Activists To Hold 'Beach Blanket Sit-In' To Save Humboldt Park Beach
By Rachel Cromidas in News on May 28, 2015 3:15PM
Photo credit: Susanne Peters
Fans of Humboldt Park's now-empty lagoon are gearing up for a fight with the Chicago Park District to save it and its surrounding beach—with beach gear.
The city's beach season unofficially began last weekend, with almost every Chicago lakefront area opening for Memorial Day Weekend revelers except Humboldt Park.
That has prompted activists to call for a "beach blanket" sit-in at Humboldt Park Beach on Sunday afternoon in protest of the Park District's decision to keep the area closed this year and leave the manmade lagoon empty of water.
Officials have said that filling the lagoon is expensive and bad for the environment. The Park District has suggested that area residents be content with the nearby public Humboldt Park Pool, but activists say it's a poor substitution.
The pool, they reason, does not have a shallow end for children and has a limit to the number of swimmers who can use it at any one time. They also noted that the lagoon's absence could have an unintended consequence: more illegally-opened fire hydrants that waste water.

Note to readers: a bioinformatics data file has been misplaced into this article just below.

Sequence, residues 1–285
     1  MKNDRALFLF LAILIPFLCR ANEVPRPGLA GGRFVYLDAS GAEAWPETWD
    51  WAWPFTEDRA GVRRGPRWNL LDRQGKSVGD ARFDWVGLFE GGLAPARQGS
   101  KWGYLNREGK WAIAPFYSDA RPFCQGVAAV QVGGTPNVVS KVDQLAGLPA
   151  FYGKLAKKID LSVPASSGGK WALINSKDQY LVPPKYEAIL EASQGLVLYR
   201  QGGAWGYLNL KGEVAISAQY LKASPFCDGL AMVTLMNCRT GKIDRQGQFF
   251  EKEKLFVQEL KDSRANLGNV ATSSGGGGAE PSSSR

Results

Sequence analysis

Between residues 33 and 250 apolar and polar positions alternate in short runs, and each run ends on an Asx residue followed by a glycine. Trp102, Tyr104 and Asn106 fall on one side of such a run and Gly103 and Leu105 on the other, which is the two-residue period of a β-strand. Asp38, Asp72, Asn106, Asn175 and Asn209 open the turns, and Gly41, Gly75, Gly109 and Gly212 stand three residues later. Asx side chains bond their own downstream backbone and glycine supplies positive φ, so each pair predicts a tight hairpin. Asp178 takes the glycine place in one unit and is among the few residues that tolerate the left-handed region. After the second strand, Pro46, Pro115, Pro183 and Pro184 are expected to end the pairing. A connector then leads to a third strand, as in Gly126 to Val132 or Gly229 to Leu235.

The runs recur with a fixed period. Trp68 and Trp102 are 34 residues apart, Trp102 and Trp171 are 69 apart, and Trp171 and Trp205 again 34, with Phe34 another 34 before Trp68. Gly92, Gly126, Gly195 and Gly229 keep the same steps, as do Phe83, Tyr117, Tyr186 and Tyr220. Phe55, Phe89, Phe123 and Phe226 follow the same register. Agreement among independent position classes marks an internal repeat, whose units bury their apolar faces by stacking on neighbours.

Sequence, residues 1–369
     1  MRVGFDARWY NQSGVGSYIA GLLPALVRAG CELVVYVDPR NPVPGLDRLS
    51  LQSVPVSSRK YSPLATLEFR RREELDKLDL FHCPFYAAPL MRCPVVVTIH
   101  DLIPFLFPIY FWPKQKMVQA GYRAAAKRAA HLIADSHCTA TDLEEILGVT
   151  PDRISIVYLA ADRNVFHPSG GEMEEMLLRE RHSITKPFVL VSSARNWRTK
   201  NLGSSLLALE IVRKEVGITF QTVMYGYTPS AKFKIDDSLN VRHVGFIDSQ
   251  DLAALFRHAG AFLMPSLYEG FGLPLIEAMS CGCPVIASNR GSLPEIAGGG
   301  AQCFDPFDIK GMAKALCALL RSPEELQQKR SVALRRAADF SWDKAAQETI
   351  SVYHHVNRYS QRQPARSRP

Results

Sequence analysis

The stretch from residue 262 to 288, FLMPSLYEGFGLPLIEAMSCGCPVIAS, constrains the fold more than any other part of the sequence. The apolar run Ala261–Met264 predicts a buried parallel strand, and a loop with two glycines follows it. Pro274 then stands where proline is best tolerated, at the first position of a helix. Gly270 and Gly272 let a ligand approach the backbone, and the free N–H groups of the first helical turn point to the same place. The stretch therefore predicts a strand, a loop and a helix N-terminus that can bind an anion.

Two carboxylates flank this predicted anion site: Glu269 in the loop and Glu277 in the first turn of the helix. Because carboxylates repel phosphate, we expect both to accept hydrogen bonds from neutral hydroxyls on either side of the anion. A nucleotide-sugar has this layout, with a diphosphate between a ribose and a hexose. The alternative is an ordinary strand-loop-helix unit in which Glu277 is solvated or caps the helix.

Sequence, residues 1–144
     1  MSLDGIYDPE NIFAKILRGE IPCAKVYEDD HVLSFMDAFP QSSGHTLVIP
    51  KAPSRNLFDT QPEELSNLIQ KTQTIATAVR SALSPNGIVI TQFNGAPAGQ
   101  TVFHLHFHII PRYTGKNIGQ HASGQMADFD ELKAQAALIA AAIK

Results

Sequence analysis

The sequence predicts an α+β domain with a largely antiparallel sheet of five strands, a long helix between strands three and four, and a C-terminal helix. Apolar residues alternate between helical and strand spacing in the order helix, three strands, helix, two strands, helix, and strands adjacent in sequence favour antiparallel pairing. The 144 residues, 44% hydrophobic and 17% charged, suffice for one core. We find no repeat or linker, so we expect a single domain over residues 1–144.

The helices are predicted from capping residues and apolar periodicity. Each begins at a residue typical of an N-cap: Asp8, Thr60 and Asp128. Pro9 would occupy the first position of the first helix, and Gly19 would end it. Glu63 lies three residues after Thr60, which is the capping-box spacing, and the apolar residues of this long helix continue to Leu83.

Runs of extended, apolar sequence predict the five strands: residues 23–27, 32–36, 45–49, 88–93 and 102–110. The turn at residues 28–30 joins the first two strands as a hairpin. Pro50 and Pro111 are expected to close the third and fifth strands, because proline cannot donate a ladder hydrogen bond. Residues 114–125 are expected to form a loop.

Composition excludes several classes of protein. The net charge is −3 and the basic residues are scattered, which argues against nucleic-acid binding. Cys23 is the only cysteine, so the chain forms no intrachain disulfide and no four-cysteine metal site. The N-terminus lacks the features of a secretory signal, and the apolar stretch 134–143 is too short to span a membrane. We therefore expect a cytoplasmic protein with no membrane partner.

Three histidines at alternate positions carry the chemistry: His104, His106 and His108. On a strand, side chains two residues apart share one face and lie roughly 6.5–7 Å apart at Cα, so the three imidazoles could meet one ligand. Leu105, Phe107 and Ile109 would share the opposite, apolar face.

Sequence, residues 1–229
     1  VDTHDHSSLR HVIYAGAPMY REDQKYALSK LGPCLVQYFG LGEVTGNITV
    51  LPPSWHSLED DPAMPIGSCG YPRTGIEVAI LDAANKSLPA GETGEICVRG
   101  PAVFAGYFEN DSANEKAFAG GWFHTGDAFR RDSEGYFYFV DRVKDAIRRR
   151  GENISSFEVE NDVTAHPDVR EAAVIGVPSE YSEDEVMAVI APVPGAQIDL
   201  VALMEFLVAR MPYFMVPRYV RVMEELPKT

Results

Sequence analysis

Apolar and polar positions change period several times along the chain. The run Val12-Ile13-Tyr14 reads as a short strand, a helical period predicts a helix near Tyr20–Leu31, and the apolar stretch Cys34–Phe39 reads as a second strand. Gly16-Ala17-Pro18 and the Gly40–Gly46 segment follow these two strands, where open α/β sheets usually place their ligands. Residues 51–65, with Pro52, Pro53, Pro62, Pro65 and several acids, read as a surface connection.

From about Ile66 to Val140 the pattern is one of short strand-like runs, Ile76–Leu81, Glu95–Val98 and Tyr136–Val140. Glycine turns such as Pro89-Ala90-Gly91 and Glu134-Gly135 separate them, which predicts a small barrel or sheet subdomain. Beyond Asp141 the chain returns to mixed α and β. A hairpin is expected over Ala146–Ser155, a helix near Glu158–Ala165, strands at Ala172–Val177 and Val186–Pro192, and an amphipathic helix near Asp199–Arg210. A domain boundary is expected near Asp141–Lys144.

"For 40 years, Humboldt Park Beach has served as one of our neighborhood's best summer resources," a statement on the sit-in's Facebook event page reads. "For many families, a $12 trip to Lake Michigan on public transit, at least 40 minutes each way by bus, isn’t a realistic option. "
Over 200 Facebook users had RSVP'd for the event by Thursday morning, which urges them to bring beach towels and toys.
Residents have been lobbying the Park District to keep the beach open since earlier this month, when officials announced they were not planning to reopen the beach this year at a town hall meeting. An online petition to save the beach has nearly 1,800 signatures, and the founders of Riot Fest even offered to pitch-in $30,000 toward keeping the beach open before they moved the music festival to Douglas Park.
Park District officials have said they would like residents to come up with a workable alternative to reopening the lagoon, rather than try to raise the estimated $1 million a year it would cost.